22: Davidson and Literary Theory -- Davidson and Literary Theory -- 1. Locating Literary Language -- 1.1. Intention and language -- 1.2. The role of reference in "storytelling" -- 1.3. Triangulation in literary interpretation -- 2. Convention -- 2.1 Metaphor and figuration -- 3. Davidson's Influence on Literary Theory -- 3.1. Intentionalism and anticonventionalism -- 3.2. Metaphor -- 4. Texts -- 5. Sketch of a Davidsonian Account of Texts -- References -- Part IV: Philosophy of Mind -- 23: The Larger Philosophical Significance of Holism -- The Larger Philosophical Significance of Holism -- 1. Holism and Charity Defended -- 2. How to Formulate Relativism -- 3. The Davidsonian Strategy Against Relativism -- 4. Two Further Issues -- 4.1. Incommensurability in science -- 4.2. Reenvisioning Quine's metaphor of the web of belief -- 24: Anomalous Monism -- 1. Three Principles -- 2. Event Individuation -- 3. An Argument for Monism -- 4. Strict Laws -- 5. Anomalism -- 6. Irreducibility -- 7. Supervenience -- 8. Mental Causation -- References -- 25: Triangular Externalism -- 1. Outlines of Triangular Externalism -- 2. Externalism, Interpretation, and Holism -- 3. Davidson on Other Forms of Externalism -- 4. Triangulation and the Determination of Thought Content -- 5. Triangulation and the Objectivity of Thought -- References -- 26: Triangulation -- 1. Introduction -- 2. The Triangulation Argument -- 2.1. Primitive triangulation -- 2.2. Linguistic triangulation -- 3. Objections to the Triangulation Argument -- 3.1. Fixing meanings does not require triangulation -- 3.2. Possessing the concept of objective truth does not require linguistic triangulation -- 3.3. Possession of a language and thoughts does not require possession of the concept of objective truth -- 3.4. The account of what makes language and thought possible is circular -- 4.Conclusion -- References
27: Rationality as a Constitutive Ideal -- 1. Kant, Carnap, and Quine -- 2. Davidsonian Interpretation Theory -- 3. Charity as a Constraint on Interpretation -- 4. Realism, Instrumentalism, and Eliminativism -- 5. Cognitive Science and Radical Interpretation -- 6. Representation and Rationality in Nonlinguistic Creatures -- 7. Davidson's Contributions to the Study of Rationality -- References -- 28: Irrationality -- References -- 29: The Rationality of the Emotions -- 1. Introduction -- 2. Emotions and Cognition -- 3. Emotions and their Causes -- 4. Objections -- 5. Privileged Access to Emotions -- 6. Emotions and Irrationality -- 7. Animal Affects -- Acknowledgments -- References -- Part V: Epistemology -- 30: Davidson and Radical Skepticism -- 1. Introduction -- 2. Davidson on Radical Interpretation and the Principle of Charity -- 3. Davidson's Route to Antiskepticism I: The Omniscient Interpreter -- 4. Davidson's Route to Antiskepticism II: Triangulation and Content Externalism -- 5. Contra Davidson's Transcendental Antiskepticism -- Acknowledgments -- References -- 31: First-Person Authority -- 1. The Phenomenon of First-Person Authority -- 1.1. Davidson's critique of other accounts of self-knowledge -- 2. Davidson's Explanation of First-Person Authority -- 2.1. The general strategy -- 2.2. Knowledge of meaning: Disquotation -- 2.3. Knowledge of meaning: The determination of meaning -- 2.4. What Davidson's account does not explain -- 2.5. Davidson's dissatisfaction with his account -- 3. First-Person Authority and Semantic Externalism -- References -- 32: Knowledge of Other Minds in Davidson's Philosophy -- 1. The Measure of All Things -- 2. Understanding Others -- References -- Part VI: Influences and Influence -- 33: Quine and Davidson -- 1. Logical Pragmatism -- 2. Naturalism -- 3. Language, Meaning, and Use -- 4. Truth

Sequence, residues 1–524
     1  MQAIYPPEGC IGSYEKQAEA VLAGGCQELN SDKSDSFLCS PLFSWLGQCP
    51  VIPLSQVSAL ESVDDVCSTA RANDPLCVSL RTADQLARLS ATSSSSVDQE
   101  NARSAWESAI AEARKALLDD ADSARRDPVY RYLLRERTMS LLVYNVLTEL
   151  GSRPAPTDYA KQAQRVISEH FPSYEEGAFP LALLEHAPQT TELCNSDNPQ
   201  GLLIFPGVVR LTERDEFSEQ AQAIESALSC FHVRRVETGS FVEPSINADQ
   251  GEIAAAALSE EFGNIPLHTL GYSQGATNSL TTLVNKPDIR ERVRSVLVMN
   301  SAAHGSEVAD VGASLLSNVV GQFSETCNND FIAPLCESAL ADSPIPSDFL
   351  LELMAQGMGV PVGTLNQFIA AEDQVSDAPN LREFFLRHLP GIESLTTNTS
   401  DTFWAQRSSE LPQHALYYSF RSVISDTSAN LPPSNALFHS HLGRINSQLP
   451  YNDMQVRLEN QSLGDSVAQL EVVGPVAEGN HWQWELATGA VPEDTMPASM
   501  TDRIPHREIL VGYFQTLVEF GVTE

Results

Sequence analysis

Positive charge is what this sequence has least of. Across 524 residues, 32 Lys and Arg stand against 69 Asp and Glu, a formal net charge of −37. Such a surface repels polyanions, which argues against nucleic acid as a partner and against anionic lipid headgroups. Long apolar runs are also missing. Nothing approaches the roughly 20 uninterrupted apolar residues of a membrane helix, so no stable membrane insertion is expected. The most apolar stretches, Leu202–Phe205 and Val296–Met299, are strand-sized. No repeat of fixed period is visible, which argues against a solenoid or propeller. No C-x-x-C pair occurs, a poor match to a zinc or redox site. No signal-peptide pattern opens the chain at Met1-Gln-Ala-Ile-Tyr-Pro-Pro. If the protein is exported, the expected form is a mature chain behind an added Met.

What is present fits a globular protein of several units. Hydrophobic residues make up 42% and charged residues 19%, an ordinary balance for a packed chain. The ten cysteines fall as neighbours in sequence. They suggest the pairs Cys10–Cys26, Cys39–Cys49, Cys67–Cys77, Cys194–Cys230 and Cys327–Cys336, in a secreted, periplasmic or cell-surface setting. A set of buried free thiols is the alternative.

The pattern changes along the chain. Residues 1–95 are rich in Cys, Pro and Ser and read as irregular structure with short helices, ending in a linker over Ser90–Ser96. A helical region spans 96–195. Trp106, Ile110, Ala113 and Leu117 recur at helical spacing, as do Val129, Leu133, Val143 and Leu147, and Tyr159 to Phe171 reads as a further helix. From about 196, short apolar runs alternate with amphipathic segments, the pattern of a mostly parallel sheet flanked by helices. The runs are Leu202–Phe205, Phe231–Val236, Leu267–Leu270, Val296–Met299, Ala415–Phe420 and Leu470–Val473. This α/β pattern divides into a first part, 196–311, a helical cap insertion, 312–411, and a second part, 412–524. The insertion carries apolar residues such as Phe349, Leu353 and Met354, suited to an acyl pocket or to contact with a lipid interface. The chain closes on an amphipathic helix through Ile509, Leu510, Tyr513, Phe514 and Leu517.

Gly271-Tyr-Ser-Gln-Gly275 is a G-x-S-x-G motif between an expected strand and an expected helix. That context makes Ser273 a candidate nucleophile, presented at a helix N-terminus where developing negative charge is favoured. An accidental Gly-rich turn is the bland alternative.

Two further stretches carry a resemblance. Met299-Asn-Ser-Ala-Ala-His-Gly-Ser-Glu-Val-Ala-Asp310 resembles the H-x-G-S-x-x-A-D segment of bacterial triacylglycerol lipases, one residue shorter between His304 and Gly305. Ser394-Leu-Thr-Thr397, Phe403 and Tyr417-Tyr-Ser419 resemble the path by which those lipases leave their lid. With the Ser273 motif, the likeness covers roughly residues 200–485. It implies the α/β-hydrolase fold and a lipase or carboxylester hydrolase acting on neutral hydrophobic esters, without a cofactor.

5. Meaning and Radical Interpretation
A Companion to Donald Davidson presents newly commissioned essays by leading figures within contemporary philosophy. Taken together, they provide a comprehensive overview of Davidson's work across its full range, and an assessment of his many contributions to philosophy. Highlights the breadth of Davidson's work across philosophy Demonstrates the continuing influence his work has on the philosophical community Includes newly commissioned contributions from leading figures in contemporary philosophy Provides an in-depth exposition and analysis of Davidson's work across the range of areas to which he contributed, including philosophy of action, epistemology, metaphysics, philosophy of language, and philosophy of mind
Description based on publisher supplied metadata and other sources
Electronic reproduction. Ann Arbor, Michigan : ProQuest Ebook Central, 2020. Available via World Wide Web. Access may be limited to ProQuest Ebook Central affiliated libraries
Link Print version: Lepore, Ernest A Companion to Donald Davidson Somerset : John Wiley & Sons, Incorporated,c2013 9780470673706
Subject Davidson, Donald, -- 1917-2003
Electronic books
Alt Author Ludwig, Kirk